Monday, June 13, 2011

Tales for Creative Minds - The Children's Visual Storyteller Series

The word "Illustration" is rather inspirational. Its origin comes from some late Middle English meaning illumination, spiritual or intellectual enlightenment, from Latin illustratio(n-): illuminate, shed light on.

There are many different types and styles of illustration – you can see some beautiful examples of hand painted and digital images that I published sometime ago through a series of interviews with fantastic illustrators like Bas Waijers, Tascha, and Katriona Chapman. Their stories and work inspired many. 

In today's editorial we will cover the first of a series of articles specifically on children's art, from painting to drawings, and much more.

Let's start with a blog about a group of very talented and friendly artists who decided to collaborate and showcase their creative work. It's a very fun and colorful blog called The Visual Storytellers Studio
It all started about 2 1/2 years ago when artist Jill Bergman was trying to find an online illustration critique group. She couldn’t find one so she posted on the SCBWI boards (Society of Children's Book Writers and Illustrators) asking if anyone wanted to start one with her. 

About six illustrators formed a group right away.  They set up a private blogger site and the group grew. They also wanted to have a public gallery in addition to the critique group. Lisa Michaels, one of the new members offered to build it. She designed the layout of the Visual Storytellers Studio (VSS) and set up the basic way it would work. Her idea was to invite other artists to contribute as well as the core group. That way there would be more variety to the VSS. It all worked out great!

In addition to the main page where you can see a continually updated show of children’s art, there is also a page with interviews of the members.  On the interview page you can find out how each artist came to be a children’s illustrator, how they work, and what inspires them. There are also photos of the artists’ studios and lots of artwork. You can also follow the group on facebook or on twitter. 

Jill herself is a very creative artist who does fantastic illustrations and linocuts:

© Jill Bergman - Lonely Mountain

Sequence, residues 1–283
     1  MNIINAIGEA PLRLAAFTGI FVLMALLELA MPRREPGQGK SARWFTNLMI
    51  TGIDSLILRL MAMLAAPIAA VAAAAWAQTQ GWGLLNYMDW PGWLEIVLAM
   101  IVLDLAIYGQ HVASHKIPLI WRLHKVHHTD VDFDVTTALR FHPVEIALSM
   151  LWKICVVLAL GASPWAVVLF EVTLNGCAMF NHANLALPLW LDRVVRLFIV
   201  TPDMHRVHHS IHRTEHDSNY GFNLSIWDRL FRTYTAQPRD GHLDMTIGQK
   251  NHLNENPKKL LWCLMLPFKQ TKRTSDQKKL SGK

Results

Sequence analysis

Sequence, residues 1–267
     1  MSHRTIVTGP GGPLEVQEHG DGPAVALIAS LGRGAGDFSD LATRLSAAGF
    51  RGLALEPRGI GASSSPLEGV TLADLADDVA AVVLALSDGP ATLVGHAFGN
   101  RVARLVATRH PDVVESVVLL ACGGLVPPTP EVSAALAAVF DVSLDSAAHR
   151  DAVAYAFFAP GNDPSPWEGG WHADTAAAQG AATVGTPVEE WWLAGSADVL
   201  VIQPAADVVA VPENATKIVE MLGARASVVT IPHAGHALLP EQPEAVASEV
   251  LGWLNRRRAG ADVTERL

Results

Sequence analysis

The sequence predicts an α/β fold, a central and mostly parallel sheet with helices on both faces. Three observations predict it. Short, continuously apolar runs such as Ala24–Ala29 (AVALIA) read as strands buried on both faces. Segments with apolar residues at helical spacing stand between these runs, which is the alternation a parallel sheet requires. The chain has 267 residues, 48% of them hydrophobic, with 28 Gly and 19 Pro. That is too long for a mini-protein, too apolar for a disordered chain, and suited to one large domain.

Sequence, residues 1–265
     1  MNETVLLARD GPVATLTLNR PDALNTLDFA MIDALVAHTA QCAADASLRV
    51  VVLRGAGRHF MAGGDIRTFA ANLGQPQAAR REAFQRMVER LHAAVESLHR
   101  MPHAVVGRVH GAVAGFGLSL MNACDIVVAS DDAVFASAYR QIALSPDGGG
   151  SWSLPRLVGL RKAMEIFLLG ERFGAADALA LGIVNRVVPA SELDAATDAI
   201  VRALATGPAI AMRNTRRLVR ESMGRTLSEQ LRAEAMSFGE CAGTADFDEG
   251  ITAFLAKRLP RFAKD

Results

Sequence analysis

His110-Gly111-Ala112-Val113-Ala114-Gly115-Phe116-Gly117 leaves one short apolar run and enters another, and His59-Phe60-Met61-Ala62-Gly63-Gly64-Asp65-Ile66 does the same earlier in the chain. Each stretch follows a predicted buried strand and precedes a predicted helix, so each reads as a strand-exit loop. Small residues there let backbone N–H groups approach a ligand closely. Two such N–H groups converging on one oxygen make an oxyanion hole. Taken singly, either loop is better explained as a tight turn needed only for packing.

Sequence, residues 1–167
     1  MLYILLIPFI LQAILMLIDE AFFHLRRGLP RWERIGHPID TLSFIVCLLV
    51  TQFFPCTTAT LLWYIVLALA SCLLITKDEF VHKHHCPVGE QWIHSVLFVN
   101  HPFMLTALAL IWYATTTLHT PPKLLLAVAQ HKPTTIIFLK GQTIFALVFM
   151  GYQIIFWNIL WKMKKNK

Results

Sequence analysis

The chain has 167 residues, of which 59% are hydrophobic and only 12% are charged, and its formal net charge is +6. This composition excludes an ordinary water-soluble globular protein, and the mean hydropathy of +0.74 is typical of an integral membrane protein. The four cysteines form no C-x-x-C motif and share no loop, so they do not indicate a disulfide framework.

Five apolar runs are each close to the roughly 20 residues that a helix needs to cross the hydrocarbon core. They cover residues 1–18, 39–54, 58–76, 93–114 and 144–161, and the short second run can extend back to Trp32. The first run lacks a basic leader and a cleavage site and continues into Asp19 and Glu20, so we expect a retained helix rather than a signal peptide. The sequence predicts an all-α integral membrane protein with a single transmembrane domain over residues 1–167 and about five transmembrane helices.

"When I was a kid, I wanted to grow up to be an astronaut or a writer. Instead I became a musician. After I quit the orchestra and sold my oboe I grew into an artist.

I loved printmaking from the beginning of my artistic experiments. My first prints were of little couches I carved out of potatoes - couch potatoes, hahaha!
I quickly moved on to linoleum printing and I’ve been happily stuck there ever since. Linocuts are made by attaching a piece of artist linoleum to a backing block. The picture is carved into the linoleum and then a roller spreads ink over the carving. 

© Jill Bergman - Lucky at Work
Paper laid  over the ink is printed by rubbing the back or running it through a press. Once the ink is dry, I paint it with watercolor. 

For the last few years I’ve been committed to becoming a children’s book illustrator and author. I love the back and forth of working on a story, sketching the pictures, rewriting the story, refining the art, throwing the whole thing out, and starting again with a much better story. It takes a lot of time! But when someone reads one of my picture book dummies and gets engaged in the story it’s so fun to watch." - Jill Bergman

Jill lives in Steamboat Springs, Colorado, a small town with a really big ski area. Her work has been exhibited in many fine art galleries.
© Jill Bergman - Animals of Earth

Here's also her blog Art on the Page and her VSS interview!

Stay tuned for more editorials and interviews with visual storytellers from around the globe!